The main effects of these depreciating attitudes about the sanctity of marriage are the consequences to families—the strength of families is deteriorating at an alarming rate. This deterioration is causing widespread damage to society. I see direct cause and effect. As we give up commitment and fidelity to our marriage partners, we remove the glue that holds our society together. [2]

And these deteriorations come as we lose our respect and love for God and His commandments. The Ten Commandments are universal truths that can help to guide us along our path. We don’t have to be Jews or Christians to see the wisdom in these commandments—they remind us to be good, decent people no matter which God we worship.

Religion is the Basis of a Free & Civilized Society

 

"To remove the influence of religion from public life because some people are uncomfortable with moral restraint is like the passenger on a sinking ship who removes his life jacket because it's restrictive and uncomfortable." - M. Russell Ballard; A photo of a sinking ship.Religion, then, is the basis of a free and civilized society. This is why freedom of religion is so vital—it provides our moral compass. Without it, society’s morals and values run amok. Elder M. Russell Ballard, an Apostle of Jesus Christ, said:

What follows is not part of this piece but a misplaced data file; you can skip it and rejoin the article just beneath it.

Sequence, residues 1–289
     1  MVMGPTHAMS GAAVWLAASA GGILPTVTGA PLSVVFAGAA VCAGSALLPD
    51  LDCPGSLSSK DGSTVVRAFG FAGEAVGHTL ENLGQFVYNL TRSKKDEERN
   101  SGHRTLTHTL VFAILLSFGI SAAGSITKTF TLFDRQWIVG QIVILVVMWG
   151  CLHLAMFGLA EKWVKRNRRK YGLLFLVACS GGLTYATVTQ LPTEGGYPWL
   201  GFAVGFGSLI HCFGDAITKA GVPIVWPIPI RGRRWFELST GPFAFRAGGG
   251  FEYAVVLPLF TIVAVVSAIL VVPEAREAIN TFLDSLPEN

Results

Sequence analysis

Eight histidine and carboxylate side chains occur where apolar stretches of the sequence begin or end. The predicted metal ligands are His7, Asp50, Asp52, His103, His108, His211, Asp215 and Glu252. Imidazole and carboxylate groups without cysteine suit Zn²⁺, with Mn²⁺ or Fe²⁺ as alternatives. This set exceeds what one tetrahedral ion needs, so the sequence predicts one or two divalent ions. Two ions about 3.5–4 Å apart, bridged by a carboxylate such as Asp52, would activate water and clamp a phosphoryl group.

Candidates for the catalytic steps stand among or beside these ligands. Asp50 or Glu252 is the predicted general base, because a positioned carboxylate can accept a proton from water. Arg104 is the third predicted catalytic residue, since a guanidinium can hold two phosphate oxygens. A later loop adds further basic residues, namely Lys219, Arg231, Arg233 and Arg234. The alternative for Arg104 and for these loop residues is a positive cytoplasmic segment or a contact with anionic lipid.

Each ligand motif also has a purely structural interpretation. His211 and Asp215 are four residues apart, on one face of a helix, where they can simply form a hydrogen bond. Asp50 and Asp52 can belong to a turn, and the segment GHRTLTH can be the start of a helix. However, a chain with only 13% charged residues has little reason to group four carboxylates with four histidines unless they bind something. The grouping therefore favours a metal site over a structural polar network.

I believe [George Washington] would have been troubled to see a time when citizens are forbidden to pray in public meetings; when people claim that “you can’t legislate morality,” as if any law ever passed did not have at its heart some notion of right and wrong; when churches are called intruders when they speak out against public policy that is contrary to the commandments of God; when many people reject the correcting influence of churches if it infringes on daily living; when religion is accepted as a social organization but not as an integral part of national culture; when people bristle if representatives of churches speak in any forum except from the pulpit. …